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Russia returns to Ukraine grain deal, easing food crisis fears

Russia announces its return to the Ukraine grain deal after intense diplomatic traffic between Ankara and Moscow, mitigating concerns over a food crisis until the deal expires late November.
The Malta-flagged bulk carrier Zante en-route to Belgium transits the Bosporus carrying 47,270 metric tons of rapeseed from Ukraine.

Russia has announced its return to the grain deal, saying “written guarantees” provided by the Ukrainian side for its participation in the deal were “adequate,” mitigating fears over a fresh jump in food prices globally.

“The Russian Federation believes that the guarantees received at this time are adequate and resumes implementation of the agreement,” the Russian Defense Ministry said Wednesday in a statement.

The ministry stopped short of detailing the guarantees but added that they include an assurance that the routes set up for the grain shipments will not be used outside its scope. 

“The Ukrainian side, in particular, officially assured that the maritime humanitarian corridor will be used only in accordance with the provisions” of the deal, it added.

Moscow ceased its participation in the deal Oct. 29 for an “indefinite period of time,” citing alleged Ukrainian attacks on its ships in the Black Sea and stoking fears over food prices and the risk of a global food crisis.  

The guarantees that were obtained with the help of Turkey and the United Nations were submitted to the joint coordination center in Istanbul on Nov. 1, the ministry added. 

The resumption came after intense diplomatic traffic between Moscow and Ankara. Turkish President Recep Tayyip Erdogan and Russian leader Vladimir Putin held a phone conversation over the issue Nov. 1, following separate discussions between Turkish and Russian top diplomats and defense chiefs.

“Following our conversation with Mr. Putin yesterday, Russian Defense Minister Shoigu called our Defense Minister Hulusi Akar to notify him that grain shipments will resume as planned as of 12 p.m. today,” Erdogan said. 

Ukrainian President Volodymyr Zelenskyy thanked Erdogan for his country’s efforts to keep the deal alive during a phone call today.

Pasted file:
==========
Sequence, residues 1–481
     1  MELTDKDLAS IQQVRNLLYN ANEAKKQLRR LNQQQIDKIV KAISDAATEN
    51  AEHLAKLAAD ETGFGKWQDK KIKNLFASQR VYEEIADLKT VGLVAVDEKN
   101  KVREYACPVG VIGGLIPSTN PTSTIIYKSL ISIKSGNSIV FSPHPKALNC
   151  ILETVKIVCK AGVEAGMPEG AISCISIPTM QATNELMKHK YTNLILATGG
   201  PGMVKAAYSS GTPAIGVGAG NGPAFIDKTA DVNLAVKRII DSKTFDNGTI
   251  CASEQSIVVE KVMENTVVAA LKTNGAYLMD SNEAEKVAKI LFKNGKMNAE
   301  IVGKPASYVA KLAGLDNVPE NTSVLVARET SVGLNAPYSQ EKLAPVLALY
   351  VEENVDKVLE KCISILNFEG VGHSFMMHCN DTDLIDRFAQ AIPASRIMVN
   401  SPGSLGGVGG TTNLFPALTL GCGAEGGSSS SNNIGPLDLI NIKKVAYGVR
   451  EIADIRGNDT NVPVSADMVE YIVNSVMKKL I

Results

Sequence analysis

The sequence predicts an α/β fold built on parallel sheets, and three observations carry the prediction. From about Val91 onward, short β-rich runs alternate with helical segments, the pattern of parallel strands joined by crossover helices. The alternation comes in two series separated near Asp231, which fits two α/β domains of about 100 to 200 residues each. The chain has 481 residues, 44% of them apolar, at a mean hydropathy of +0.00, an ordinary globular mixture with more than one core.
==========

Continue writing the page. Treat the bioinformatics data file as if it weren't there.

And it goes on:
Russian withdrawal from the deal has not effectively impacted the shipments. Russian personnel stationed at the joint coordination center didn’t leave their posts but halted their activities.

White House National Security Council coordinator John Kirby also confirmed yesterday that ships carrying tons of grain were continuing to leave Ukraine. 

US Secretary of State Antony Blinken thanked Turkish Foreign Minister Mevlut Cavusoglu for Ankara’s effort to salvage the critical deal during a phone call today, Turkey’s state-run Anadolu News Agency reported.

Cavusoglu said the Russian side’s complaints include impediments before the export of Russian grain and fertilizer.

Concrete steps need to be taken to remove obstacles before [export of] Russian grain and fertilizer,” Cavusoglu said Nov. 1.

“[Russian] fertilizer and grain are not on the sanctions list. But ships that would carry these products still cannot dock at ports. They are still unable to be insured and receive payments,” Cavusoglu told reporters, adding that many ships were still reluctant to undertake shipments due to sanctions.

Moscow is expected to continue to press for the facilitation of its fertilizer and grain exports during talks for the renewal of the deal, which expires late November.

The deal “remains particularly crucial for low to low-middle income countries, since more than 40% of wheat shipped so far is going to low- and lower-middle income countries,” World Food Program (WFP) warned recently.

The Black Sea Grain Initiative ​​brokered by Turkey and the United Nations allowed Ukrainian grain to reach world markets, fending off concerns over a potential global food crisis and regional hunger in impoverished communities across the world after the Russian invasion cut off exports from Ukraine, one of the major breadbaskets of the world. Tens of millions of tons of grain were stranded at Ukrainian silos and ships, skyrocketing grain prices globally.  

Under the deal, more than 8 million tons of grain and other foodstuffs were exported from various Ukrainian ports, according to a report by the WFP released in late October. “A total of 738 voyages (375 inbound and 363 outbound) have been enabled so far,” the report said.

WFP is among the major buyers of Ukrainian food products as part of its food-assistance program for impoverished communities. The deal has so far allowed the UN body to ship more than 150,000 tons of wheat to several impoverished countries including Yemen, Somalia and Ethiopia. 

UN Secretary-General Antonio Guterres “warmly welcomed” the Russian turnaround, his spokesman said in a statement. “He also remains committed to removing the remaining obstacles to the exports of Russian food and fertilizer,” the spokesman added. 

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